Save yourself time, money, and possibly your sanity by ensuring you have the information you need before starting your next freelancing project.

This freelancing checklist will help you make better decisions when creating freelancing work for clients. Its guiding voice is a simple but powerful mantra, “Respect Yourself. Respect Your Client.”


freelance for artists

Sample Questionnaire For the Client You Can Use

The more you can get inside your client’s head, the better. Good communication is an essential freelancer skill so before diving into creating what YOU think would be best, make sure you first know the ins and outs of what your client wants and needs. Remember: “A job well begun is a job half done.”

Doing this communication step well can save you (and your client) hours, days, weeks, or more of frustration and tears.


Avoid this client reaction by asking the following questions FIRST.


Have your client answer the following to the best of their ability:

1.) Describe what you are looking for, any specifications required, and what the final purpose of the work is. (If for a video or animation, ask for length, frame-rate, dimensions,etc. If for a design, ask specifications like width, height, resolution, etc. For both ask if the work is for web or print, broadcast TV, etc.)

Here you should also ask for their time-frame so you and the client both have realistic expectations regarding when you can deliver the final work. Hint: Sometimes the client doesn’t realize how much time goes into a design and thinks you can easily “whip up” 50  hand-painted illustrations in a day. You’ll have to gently nip that notion in the bud if you are both going to work well together. Be honest about your schedule and when you think you can deliver the end result.


2.) How do you want people to feel when they view the work? Use adjectives to describe their reaction. (Ex. uplifted, motivated, shocked, moved, angry, etc.) Figuring out what “vibe” the client is after will make designing for them a thousand times easier. The vibe will inform your color choices, composition, fonts, image choices, etc so make sure to find out before you start designing or creating.


3.) What is the ultimate goal of this work and what action, if any, do you want your audience to take? (Ex. “The goal is to create awareness about a cause or product and then have the viewer visit a website.” or “The goal is to get people interested and make a purchase, sign a petition, donate to a cause, etc.”) [<–*Here you may want to warn the client that projects only trying to accomplish ONE main goal are the most effective.]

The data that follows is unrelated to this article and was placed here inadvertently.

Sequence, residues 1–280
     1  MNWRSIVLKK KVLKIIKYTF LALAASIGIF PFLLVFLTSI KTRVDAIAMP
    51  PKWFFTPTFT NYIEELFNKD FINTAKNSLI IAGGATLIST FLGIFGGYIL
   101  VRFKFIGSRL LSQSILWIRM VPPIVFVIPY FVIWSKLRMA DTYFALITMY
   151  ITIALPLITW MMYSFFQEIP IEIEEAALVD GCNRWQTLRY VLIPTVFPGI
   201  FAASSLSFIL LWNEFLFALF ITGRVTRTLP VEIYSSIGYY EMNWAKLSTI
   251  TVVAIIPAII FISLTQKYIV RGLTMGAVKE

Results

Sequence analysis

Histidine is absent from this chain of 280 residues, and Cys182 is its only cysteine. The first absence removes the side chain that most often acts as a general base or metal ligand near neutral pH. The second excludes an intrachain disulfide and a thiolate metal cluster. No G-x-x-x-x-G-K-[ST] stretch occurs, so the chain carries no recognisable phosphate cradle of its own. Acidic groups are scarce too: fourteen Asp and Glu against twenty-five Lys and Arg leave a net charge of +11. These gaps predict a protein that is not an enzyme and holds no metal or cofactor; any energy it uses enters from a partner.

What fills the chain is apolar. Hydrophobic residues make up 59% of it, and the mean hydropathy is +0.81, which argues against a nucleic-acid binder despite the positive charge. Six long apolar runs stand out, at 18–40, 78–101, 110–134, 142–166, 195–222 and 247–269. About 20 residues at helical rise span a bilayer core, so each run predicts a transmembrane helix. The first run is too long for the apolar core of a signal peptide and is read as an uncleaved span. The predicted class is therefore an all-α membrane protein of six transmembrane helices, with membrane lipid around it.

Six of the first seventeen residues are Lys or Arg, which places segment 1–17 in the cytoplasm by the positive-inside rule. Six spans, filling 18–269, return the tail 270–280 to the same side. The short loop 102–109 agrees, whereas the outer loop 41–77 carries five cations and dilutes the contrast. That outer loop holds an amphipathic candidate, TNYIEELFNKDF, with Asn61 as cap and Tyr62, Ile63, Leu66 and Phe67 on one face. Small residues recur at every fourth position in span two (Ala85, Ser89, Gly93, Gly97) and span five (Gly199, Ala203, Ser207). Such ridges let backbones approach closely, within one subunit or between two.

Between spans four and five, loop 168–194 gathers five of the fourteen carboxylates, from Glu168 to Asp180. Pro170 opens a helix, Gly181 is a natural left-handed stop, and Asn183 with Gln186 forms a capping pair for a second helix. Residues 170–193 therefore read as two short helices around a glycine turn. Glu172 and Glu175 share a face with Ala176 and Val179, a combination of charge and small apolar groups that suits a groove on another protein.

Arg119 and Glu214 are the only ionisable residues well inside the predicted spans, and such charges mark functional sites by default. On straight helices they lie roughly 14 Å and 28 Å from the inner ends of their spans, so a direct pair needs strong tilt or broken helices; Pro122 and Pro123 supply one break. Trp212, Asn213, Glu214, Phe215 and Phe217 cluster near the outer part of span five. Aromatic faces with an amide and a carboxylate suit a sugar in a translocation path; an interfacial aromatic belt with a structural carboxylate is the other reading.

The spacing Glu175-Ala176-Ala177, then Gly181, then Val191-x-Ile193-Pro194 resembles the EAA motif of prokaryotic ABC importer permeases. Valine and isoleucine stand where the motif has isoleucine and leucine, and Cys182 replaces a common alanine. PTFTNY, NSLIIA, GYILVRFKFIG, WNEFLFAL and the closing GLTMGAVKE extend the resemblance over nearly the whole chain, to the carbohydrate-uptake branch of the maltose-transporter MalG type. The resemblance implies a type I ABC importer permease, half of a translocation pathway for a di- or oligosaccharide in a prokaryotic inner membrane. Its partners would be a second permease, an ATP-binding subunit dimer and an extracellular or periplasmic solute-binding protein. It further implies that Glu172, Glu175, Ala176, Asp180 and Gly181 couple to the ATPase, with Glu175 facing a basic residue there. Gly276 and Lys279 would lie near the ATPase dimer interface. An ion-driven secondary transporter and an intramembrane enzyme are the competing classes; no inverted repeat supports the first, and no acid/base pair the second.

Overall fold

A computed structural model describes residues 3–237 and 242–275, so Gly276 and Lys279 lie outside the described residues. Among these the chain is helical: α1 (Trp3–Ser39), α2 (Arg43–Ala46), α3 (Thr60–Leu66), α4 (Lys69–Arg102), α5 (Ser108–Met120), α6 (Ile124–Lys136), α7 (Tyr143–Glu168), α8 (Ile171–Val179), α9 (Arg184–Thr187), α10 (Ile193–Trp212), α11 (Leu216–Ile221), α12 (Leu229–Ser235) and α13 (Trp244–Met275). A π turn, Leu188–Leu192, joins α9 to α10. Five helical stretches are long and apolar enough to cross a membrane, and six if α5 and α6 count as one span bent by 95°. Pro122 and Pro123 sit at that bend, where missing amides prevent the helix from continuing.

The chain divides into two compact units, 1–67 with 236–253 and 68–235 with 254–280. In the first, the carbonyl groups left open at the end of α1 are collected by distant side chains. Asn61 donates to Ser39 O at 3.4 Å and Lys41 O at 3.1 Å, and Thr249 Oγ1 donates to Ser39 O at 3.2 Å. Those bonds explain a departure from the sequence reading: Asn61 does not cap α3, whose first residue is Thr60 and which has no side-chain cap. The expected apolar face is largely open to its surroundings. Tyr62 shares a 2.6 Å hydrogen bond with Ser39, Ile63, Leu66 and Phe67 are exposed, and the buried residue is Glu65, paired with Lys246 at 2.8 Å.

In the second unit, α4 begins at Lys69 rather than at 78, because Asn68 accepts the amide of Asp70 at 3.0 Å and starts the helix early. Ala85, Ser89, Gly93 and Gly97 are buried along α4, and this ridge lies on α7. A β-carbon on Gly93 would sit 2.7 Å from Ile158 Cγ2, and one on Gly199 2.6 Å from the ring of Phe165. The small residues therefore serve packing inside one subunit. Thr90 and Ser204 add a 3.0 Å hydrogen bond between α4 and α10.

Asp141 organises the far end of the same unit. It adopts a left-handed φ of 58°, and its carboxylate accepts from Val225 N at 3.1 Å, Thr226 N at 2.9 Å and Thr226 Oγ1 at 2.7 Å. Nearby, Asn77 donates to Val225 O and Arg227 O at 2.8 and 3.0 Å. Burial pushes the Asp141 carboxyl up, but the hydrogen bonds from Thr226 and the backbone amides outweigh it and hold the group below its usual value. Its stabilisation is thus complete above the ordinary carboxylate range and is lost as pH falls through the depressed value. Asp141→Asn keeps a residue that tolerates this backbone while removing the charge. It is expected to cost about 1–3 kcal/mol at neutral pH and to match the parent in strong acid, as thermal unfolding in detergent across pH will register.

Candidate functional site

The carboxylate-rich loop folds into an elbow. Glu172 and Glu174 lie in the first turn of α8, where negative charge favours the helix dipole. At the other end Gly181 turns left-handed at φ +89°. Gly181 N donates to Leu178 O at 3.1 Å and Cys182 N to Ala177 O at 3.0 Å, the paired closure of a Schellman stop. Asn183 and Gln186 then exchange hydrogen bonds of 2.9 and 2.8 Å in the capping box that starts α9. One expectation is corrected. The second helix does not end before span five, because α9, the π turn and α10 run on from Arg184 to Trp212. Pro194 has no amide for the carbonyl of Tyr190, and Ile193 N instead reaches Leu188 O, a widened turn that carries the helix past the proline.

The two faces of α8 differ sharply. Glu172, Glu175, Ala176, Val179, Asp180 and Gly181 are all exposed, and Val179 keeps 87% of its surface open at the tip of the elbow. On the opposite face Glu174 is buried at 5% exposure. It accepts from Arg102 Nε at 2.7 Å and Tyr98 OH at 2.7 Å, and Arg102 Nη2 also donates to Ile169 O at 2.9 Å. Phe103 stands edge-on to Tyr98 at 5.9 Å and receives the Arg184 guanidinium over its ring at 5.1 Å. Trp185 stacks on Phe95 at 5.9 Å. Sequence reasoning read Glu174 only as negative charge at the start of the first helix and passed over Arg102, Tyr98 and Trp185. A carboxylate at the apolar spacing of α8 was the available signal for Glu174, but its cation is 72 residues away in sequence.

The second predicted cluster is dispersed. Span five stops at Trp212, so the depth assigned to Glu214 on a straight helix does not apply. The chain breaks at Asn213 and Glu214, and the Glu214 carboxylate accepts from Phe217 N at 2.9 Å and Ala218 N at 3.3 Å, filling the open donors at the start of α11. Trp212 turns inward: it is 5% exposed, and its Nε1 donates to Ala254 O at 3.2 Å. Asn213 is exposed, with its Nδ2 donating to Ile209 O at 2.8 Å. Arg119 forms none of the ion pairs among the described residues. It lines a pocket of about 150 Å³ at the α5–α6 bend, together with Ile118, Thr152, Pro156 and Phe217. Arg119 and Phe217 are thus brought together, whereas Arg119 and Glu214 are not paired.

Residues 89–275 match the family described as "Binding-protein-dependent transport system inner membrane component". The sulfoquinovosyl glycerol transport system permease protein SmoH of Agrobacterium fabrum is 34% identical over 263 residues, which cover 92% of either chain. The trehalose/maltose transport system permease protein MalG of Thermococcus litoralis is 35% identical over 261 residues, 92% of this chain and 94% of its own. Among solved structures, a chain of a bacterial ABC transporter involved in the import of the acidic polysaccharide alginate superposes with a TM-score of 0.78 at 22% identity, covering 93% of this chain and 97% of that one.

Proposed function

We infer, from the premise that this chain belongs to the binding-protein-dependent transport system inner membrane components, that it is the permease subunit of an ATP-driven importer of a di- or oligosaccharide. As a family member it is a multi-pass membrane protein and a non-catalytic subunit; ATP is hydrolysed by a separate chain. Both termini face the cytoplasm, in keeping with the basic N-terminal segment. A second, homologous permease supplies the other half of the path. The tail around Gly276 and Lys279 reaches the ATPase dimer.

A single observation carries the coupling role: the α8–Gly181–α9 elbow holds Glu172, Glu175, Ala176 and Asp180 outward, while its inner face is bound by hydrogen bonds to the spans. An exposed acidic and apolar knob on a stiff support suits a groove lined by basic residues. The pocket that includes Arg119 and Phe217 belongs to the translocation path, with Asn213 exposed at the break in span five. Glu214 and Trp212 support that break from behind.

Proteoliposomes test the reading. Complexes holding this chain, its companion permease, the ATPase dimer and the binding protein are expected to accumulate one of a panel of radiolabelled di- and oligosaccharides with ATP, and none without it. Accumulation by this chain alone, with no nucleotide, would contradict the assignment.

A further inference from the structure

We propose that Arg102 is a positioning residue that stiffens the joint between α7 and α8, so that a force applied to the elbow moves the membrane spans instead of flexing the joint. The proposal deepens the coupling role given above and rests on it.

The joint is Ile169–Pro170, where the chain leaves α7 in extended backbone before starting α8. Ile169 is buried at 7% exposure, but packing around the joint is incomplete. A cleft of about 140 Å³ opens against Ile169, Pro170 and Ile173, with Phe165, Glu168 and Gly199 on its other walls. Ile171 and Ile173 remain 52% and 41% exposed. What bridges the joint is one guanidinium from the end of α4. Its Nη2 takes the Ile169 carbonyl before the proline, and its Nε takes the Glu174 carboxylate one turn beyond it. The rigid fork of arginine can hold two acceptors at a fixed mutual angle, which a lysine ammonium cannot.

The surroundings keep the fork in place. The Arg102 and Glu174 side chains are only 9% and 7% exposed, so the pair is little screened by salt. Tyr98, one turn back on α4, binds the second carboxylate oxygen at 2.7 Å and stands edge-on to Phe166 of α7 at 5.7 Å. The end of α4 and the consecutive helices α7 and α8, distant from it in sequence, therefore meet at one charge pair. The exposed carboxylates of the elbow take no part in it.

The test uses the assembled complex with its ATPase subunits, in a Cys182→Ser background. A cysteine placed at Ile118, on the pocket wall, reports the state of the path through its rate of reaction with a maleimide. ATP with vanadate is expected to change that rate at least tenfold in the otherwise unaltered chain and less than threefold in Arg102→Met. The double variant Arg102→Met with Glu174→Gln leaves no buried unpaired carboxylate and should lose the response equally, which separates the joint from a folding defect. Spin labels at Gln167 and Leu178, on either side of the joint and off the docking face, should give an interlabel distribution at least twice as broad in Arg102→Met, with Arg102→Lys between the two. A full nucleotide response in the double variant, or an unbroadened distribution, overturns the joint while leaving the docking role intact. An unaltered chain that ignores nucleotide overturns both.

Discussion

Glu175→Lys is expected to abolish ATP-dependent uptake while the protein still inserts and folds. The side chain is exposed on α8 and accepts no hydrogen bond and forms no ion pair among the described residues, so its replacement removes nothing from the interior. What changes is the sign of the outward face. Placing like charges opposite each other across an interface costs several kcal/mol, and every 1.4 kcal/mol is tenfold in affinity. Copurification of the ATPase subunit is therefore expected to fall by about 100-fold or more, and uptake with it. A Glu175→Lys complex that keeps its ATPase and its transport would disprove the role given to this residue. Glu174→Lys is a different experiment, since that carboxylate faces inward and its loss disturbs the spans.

Ready? It’s feedback time.


4.) Who is your main target audience? (“Everyone” is NOT a good answer and will lead to you making ineffective work that appeals to no one. Think more like: “Busy working moms with little free time,” “Young men aged 18-25 looking for adventurous entertainment options,” “Girls aged 6-8 who are just learning how to read,” etc. You can also consider a secondary audience like “parents of girls aged 6-8 who are just learning to read.”)


5.) Can you please give me links to examples of work similar to what you want that you like (or what you know you DON’T like)? (<– This one helps you get an idea for their general tastes, ex: casual vs. sophisticated, jam-packed vs. minimalist, preferred colors, fonts, etc. **DO beware of clients asking you to outright copy someone else’s website, logo, or design! This is illegal and defeats the purpose of being hired to make something original for the client. My own dear brother once asked me to copy another radio station’s logo. I had to educate him a bit on why that was a BAD idea!)


Make sure you know your client’s tastes, for better or worse!


If you have any other questions for the client, please ask those as well! This list not only helps you get started making work that the client will love (or at least like) but it also forces the client to have a really strong idea about what THEY want. Dealing with clients who don’t know what they want can be a miserable experience! This questionnaire attempts to save you from such suffering. 

You’re welcome! 🙂

Want to learn more about freelancing?
Have a look at a recent live interview I did for Essitino Artists:




“In today’s Creative Success Story, we are talking to Kristen Palana, a practicing award winning multimedia artist, world educator and author. Treat this like your freelancing 101 for artists class – if you’re interested in earning money and building your reputation doing what you love, this live interview with Kristen will help you have a better understanding of what it takes to start and work as a freelance artist or creative.

Some of the things covered in this video: what do you need to start freelancing, how to find freelance clients, build an effective portfolio, how to price your services, what are some things to avoid, how do you create a repeat client list, produce income and build your reputation as a freelance creative, etc.”

➤ Links mentioned in the video… • Take Kristen’s Online Masterclass on Freelance Success for Artists